The Roman House at Hopkins | Household Gods
Harpokrates-Cupid with Cornucopia
By Laura Hutchison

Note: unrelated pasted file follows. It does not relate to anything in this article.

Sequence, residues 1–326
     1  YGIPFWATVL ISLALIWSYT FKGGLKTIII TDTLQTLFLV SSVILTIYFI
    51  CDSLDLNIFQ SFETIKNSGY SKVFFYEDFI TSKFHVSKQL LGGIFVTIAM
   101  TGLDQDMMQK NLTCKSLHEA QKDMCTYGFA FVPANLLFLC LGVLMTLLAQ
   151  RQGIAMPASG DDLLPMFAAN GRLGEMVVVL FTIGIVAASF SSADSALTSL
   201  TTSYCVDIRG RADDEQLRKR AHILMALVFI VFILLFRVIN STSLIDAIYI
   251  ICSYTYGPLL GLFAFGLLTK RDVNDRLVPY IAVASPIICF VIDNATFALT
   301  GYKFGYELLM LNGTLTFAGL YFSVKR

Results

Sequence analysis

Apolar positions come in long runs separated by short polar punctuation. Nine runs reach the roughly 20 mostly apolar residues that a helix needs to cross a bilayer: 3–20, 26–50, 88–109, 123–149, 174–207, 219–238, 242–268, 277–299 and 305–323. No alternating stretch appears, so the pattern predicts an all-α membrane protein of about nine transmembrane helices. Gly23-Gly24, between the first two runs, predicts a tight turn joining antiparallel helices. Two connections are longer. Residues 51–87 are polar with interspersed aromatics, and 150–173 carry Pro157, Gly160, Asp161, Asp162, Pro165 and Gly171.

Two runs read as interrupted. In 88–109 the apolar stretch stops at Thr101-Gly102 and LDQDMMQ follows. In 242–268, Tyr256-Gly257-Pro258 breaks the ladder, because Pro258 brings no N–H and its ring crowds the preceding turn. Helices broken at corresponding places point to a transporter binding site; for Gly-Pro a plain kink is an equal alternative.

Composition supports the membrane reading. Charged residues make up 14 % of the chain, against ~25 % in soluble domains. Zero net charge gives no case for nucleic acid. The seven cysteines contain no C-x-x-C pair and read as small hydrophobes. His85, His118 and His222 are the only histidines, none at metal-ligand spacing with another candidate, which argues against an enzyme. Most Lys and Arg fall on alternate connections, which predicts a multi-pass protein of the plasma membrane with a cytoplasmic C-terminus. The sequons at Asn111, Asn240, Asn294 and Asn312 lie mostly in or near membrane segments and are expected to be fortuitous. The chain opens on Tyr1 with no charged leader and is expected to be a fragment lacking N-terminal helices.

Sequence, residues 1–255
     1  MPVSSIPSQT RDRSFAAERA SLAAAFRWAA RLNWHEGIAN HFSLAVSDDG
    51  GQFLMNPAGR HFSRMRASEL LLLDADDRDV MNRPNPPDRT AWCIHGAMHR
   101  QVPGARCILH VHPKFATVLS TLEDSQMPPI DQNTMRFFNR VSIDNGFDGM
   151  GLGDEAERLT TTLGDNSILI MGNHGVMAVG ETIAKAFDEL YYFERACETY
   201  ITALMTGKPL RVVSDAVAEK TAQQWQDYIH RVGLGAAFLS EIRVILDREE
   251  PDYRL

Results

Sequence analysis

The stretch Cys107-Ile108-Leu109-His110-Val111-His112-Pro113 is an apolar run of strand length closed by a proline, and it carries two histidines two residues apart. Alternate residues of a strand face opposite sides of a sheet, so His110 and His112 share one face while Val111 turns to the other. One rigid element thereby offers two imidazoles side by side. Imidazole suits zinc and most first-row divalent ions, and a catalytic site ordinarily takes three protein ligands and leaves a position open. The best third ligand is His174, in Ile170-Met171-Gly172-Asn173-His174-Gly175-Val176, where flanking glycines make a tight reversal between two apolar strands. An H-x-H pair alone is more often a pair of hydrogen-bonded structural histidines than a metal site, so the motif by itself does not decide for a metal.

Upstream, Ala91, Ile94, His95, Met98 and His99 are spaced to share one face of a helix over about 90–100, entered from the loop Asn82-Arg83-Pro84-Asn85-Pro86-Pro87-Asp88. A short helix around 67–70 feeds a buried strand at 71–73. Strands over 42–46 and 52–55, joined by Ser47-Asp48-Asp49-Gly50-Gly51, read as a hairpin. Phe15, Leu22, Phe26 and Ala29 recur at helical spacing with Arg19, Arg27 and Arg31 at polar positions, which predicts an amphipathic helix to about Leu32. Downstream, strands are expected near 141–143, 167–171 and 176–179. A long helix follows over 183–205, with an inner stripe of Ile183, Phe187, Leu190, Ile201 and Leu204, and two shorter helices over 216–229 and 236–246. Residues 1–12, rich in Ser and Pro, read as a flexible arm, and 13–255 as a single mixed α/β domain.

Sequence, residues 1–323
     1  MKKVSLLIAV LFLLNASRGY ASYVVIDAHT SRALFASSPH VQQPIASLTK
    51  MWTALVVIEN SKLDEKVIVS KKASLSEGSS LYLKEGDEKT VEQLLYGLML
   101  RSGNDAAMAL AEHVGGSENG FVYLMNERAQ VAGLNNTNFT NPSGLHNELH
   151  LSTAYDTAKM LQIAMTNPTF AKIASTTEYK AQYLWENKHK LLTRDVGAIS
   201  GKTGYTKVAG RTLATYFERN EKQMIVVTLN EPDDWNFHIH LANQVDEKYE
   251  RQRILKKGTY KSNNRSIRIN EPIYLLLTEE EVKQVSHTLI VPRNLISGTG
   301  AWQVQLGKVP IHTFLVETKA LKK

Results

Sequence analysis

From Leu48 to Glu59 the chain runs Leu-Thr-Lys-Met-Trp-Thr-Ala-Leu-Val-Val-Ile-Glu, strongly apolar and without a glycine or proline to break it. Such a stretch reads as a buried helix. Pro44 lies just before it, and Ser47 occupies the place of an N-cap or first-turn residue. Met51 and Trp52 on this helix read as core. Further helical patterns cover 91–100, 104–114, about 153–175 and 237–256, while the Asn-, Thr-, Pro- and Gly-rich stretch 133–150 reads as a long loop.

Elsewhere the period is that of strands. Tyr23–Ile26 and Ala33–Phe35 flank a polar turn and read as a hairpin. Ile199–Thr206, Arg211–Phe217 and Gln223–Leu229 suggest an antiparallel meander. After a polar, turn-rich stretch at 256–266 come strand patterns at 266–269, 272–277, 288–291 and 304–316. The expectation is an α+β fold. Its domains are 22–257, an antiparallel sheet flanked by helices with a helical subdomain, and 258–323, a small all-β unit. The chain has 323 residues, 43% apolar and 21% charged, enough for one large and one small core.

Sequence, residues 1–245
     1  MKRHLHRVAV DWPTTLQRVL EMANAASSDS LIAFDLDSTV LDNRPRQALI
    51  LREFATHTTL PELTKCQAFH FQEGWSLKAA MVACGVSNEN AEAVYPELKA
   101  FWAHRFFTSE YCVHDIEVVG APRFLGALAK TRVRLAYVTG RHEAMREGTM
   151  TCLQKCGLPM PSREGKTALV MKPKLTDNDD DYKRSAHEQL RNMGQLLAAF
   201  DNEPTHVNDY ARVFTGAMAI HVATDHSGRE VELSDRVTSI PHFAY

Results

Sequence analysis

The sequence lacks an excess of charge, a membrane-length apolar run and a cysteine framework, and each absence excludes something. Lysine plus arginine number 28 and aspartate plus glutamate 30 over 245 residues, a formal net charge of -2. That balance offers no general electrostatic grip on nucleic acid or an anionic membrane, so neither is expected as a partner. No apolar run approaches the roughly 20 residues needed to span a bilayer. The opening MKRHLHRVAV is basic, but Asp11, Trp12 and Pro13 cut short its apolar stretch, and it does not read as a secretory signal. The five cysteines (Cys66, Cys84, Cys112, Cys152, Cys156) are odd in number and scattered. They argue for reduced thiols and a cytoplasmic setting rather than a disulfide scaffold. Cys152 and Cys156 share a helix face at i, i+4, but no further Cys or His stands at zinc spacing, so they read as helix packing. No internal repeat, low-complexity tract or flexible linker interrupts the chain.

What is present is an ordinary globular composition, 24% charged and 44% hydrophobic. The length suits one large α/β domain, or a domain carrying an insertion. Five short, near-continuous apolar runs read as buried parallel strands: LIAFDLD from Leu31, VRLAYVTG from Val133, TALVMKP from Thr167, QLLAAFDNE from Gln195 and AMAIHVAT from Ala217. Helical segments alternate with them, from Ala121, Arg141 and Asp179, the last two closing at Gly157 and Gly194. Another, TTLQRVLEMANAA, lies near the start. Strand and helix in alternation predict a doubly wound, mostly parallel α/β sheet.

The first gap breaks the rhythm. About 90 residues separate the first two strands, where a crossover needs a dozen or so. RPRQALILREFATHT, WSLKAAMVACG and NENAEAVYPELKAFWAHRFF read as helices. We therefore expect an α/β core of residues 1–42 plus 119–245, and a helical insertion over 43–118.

The Harpokrates-Cupid figure illustrates the Roman appropriation of certain aspects of Egyptian religion during the Republican and Imperial periods. In Roman religion, Harpokrates, the child of Horus and Isis, was conflated with Cupid while his mother was conflated with Venus. This representation shows Harpokrates-Cupid wearing the crowns of Upper and Lower Egypt and lifting his finger to his lips, iconographic elements that recall his Egyptian origin. His posture and plump child-like body resemble Roman depictions of Cupid. In the Egyptian tradition, Harpokrates’ raised finger was meant to convey the god’s youthful qualities. When this deity began to be worshipped by the Romans, his gesture was misinterpreted as symbolic of silence. The presence of Harpokrates-Cupid in the lararium would have solicited fertility and abundance within the household.